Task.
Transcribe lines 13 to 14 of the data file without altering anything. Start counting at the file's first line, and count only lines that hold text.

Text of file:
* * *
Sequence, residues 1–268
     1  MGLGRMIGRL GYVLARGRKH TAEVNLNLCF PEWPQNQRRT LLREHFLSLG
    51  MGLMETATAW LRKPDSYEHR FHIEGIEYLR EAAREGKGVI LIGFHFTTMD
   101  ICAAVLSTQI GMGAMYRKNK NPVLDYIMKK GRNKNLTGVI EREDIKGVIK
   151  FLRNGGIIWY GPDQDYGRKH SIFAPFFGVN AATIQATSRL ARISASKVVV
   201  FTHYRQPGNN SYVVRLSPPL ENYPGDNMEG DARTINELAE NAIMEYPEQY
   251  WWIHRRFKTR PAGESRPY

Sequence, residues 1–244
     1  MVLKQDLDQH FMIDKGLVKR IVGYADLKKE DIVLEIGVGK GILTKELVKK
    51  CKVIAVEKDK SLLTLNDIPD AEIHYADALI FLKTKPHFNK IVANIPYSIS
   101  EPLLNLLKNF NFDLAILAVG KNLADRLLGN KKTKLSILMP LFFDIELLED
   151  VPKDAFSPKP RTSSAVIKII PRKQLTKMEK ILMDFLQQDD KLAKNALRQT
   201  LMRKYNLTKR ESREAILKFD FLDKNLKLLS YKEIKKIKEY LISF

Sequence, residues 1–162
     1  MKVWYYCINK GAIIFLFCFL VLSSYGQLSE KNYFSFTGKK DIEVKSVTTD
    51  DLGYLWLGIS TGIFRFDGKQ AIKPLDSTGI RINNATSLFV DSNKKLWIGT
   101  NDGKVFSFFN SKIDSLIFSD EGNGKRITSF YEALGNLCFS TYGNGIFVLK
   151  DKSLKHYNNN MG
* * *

   201  LMRKYNLTKR ESREAILKFD FLDKNLKLLS YKEIKKIKEY LISF

Sequence, residues 1–162